BOOK REVIEW by Rev. AL SHARPTON -- THE ONE: The Life and Music of James Brown, by R. J. Smith (452 hits)
REVIEWED BY AL SHARPTON, N.Y. TIMES, June 3, 2012 -- When James Brown’s children and I brought his body back to Harlem from Georgia after his untimely death in 2006, tens of thousands greeted us in the streets upon our arrival. There were no stars, no concerts; just everyday folks paying homage to the Godfather of Soul (and so much more) in person. As we laid him in state at the Apollo Thea¬ter, we took a moment to absorb this extraordinary show of support. I remember walking the streets of Harlem and shaking hands with many gathered outside the Apollo that day, and I’ll never forget a writer who came up to me and said he was shocked by the sheer numbers of people, and taken aback by how much of a revered figure James Brown was.
People were often surprised at his relevance, but James never doubted his own significance, or the fact that he was a historic figure and an undeniably game-changing artist. His showmanship and art altered the music world. But James didn’t bring blacks to the mainstream; instead, he brought the mainstream to blacks and made them appreciate and internalize black music and culture themselves. “The One: The Life and Music of James Brown,” by RJ Smith, is the first book to capture this remarkable reality.
For years, writers have attempted to tell James’s story and to dissect his complex and multilayered life. Either too naïve or just unaware of the nuances of societal challenges and cultural norms alike, they failed to fully grasp the depth of value that James and his music played in transforming American life as a whole. Going to great lengths researching and interviewing those closest to the music icon (myself included), Smith not only effortlessly highlights James’s unmatched musical career, but also provides a well-studied historical context for the basis of his artistic expression. Chronicling the legacy of resistance through music, Smith explains how James’s artistry was closely linked to the struggle for civil rights as well as the cultural expression of blacks, from Africa through slavery and the journey into the 20th century. It would after all be impossible to discuss 20th-century music and the civil rights/black power movement without putting James Brown at the top of that list. And “The One” is the first serious book to explain precisely why.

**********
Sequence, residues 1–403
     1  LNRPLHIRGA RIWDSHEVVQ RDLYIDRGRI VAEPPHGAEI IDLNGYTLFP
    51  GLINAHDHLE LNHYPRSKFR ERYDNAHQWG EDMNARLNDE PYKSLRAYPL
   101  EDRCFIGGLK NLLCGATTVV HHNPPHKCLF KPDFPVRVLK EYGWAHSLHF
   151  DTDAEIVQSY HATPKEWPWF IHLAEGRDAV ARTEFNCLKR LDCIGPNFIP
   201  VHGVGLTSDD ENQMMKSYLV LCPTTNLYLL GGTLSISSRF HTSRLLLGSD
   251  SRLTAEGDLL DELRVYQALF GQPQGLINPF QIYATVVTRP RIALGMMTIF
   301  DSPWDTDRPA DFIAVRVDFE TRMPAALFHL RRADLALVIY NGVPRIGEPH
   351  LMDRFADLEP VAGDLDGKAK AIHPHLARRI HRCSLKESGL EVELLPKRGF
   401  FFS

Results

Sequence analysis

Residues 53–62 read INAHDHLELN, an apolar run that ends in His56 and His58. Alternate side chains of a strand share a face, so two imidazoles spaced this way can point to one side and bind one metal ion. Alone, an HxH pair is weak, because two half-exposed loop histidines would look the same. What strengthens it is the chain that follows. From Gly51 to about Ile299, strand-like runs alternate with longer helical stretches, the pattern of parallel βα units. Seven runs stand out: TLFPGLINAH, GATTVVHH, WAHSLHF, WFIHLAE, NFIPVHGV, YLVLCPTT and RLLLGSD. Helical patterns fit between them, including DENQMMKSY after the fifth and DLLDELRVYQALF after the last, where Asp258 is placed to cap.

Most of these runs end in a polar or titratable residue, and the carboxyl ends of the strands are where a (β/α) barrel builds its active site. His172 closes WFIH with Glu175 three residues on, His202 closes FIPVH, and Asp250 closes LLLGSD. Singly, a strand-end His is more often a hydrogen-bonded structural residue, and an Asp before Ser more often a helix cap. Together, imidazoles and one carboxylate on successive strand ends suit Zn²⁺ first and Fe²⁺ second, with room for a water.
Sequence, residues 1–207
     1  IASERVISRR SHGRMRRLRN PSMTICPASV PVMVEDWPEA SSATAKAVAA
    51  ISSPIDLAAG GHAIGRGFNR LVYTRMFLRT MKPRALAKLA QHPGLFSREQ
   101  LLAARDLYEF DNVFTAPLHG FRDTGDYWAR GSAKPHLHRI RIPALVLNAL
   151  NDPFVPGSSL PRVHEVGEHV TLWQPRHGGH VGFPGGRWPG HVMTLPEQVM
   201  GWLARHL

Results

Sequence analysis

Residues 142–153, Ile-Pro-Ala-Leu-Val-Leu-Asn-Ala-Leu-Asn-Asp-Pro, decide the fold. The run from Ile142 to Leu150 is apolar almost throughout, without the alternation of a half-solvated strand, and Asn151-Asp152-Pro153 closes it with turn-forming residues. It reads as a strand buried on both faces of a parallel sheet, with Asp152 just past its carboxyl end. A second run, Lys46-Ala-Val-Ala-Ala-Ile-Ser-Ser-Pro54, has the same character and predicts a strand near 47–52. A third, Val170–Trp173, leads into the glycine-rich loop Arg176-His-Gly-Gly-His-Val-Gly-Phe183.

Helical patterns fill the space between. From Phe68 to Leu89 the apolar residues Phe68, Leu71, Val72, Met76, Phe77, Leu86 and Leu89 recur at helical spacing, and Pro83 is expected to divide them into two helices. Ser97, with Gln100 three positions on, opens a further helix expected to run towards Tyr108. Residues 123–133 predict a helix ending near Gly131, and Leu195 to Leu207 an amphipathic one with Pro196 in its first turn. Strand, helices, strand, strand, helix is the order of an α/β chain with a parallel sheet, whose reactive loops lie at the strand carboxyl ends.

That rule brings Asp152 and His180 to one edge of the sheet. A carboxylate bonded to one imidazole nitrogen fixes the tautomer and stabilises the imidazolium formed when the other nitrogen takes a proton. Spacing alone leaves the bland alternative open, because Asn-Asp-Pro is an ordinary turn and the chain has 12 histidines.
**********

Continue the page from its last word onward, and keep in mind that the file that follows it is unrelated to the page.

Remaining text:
When you reflect on the life and legacy of James Brown, it cannot be explained without taking into account the period in which he was raised and the experiences that shaped his identity. But just as important is how he incorporated his social/political views into his music in a way that was soulful and entertaining beyond belief. Smith, the author of “The Great Black Way,” accurately tells us about the rhythm, the beat, the “one” that moved James, and how his every dance move invoked the spirit of something bigger than himself. Though I disagree with some of the conclusions and some of the facts in the book, “The One” is the first of its kind to represent James as the social and cultural force he was, not just for black Americans but for all of America — in fact, all of the world.
As powerful as he was, James remained an enigma — much by his own desire. As one who was like a son to him, I know that he would rather be viewed as a puzzle no one could figure out, instead of someone whom everyone knew intimately. Though Smith makes a concerted effort to explain the events, people and places that shaped James’s identity, he falls a bit short in articulating why he was such a complicated figure, with varying personalities by design. But Smith redeems himself by correctly portraying him as perhaps the most significant American musician in modern history in terms of style, messaging, rhythm and originality.